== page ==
Cancer related lymphangitis as progression to Tarceva.

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Vera
Cancer related lymphangitis as progression to Tarceva.

Is it known to progress on tarceva to cancer related lymphangitis? Is there any specific treatment for this type of cancer or it treats with same targeted drugs?

Thank you for any advice.

Vera

JanineT Forum M...
Hi Vera, I've read your

Hi Vera,

 

I've read your thread with Jim and want to add my welcome.  I'm very sorry you're not doing well on tarceva any longer. 

 

Lung cancer related lymphangitis is a fairly rare complication of lung cancer and unfortunately there has been little headway in treatments to combat this complication beyond chemo (which hasn't proved to be very effective in PLC) and supportive care.  This is why there have been several top cancer publications that have reprinted an article on a small retrospective study of apatinib in people with lung cancer related lymphangitis.  At P46 it reads, "Conclusion: Pulmonary lymphangitic carcinomatosis is a disease of lymphatic spread in the advanced malignant tumor, Apatinib not only has good curative effect, but also brings obvious survival benefits, and the incidence of adverse reactions is low and the patient is well tolerated.  Apatininb has become the main treatment of PLC compared to the traditional treatment."  //www.jto.org/article/S1556-0864(18)30880-3/abstract

 

I hope you don't have PLC but if you do I hope you do well on the treatment that is chosen.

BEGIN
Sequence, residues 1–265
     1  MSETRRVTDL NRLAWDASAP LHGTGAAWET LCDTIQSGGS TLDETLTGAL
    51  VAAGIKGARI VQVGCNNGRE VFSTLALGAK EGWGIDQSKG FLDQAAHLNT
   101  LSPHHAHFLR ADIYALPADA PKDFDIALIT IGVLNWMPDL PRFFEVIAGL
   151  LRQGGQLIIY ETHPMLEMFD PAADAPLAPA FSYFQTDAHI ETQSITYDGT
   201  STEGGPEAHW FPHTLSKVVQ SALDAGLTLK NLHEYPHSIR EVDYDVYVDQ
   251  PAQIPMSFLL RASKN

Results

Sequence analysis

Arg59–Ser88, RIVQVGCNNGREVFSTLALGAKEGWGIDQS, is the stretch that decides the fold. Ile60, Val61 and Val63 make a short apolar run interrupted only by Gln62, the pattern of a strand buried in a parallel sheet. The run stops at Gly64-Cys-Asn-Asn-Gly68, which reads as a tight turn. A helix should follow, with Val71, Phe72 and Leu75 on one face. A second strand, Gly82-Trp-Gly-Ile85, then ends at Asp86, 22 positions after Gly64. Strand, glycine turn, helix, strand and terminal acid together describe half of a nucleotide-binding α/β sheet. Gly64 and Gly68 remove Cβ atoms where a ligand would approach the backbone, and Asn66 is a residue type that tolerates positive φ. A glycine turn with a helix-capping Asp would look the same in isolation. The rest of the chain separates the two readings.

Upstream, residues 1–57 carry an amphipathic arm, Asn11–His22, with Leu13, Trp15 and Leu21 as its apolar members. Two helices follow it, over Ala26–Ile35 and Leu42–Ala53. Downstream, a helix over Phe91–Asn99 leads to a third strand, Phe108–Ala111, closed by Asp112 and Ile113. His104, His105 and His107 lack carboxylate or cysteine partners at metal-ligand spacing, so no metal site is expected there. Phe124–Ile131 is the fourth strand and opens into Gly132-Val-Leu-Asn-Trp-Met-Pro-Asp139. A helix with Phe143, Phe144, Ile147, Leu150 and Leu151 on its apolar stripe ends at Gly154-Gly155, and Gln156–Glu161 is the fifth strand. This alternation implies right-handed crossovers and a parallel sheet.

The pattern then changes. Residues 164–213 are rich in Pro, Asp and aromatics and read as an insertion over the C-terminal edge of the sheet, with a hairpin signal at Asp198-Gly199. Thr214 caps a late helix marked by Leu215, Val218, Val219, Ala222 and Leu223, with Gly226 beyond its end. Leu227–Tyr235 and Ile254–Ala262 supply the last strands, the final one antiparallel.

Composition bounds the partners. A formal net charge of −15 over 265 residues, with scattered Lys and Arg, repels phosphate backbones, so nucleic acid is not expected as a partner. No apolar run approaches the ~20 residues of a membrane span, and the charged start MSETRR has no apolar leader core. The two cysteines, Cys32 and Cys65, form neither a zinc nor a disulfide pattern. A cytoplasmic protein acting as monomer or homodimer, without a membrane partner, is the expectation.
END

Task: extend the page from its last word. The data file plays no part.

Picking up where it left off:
All the best,

Janine

Vera
Lymphangitis

Thank you , Janine for the information. Very much appreciate!

JanineT Forum M...
Hi Vera,I didn't note this in

Hi Vera,

I didn't note this in my previous post but should have.  In case you're like most of us you've entered into the world of cancer care unprepared with much to learn and quickly, it's why Dr. West started this site.  This study is far from proof of efficacy but is as close as we have and are likely to get.  If you want to talk to your oncologist about apatinib you're likely to fair better with the jto article in hand or on your phone, it's very possible she hasn't seen it because there is so so much info coming at med oncs every day. (again a reason Dr. West started this site and believes patients should be a partner in healthcare :) )  Too without clinically proven data the healthcare system or insurance may initially refuse payment.  But with the article from JTO and your oncologist's input insurance companies can often be swayed.  

 

Below there is specific info on studies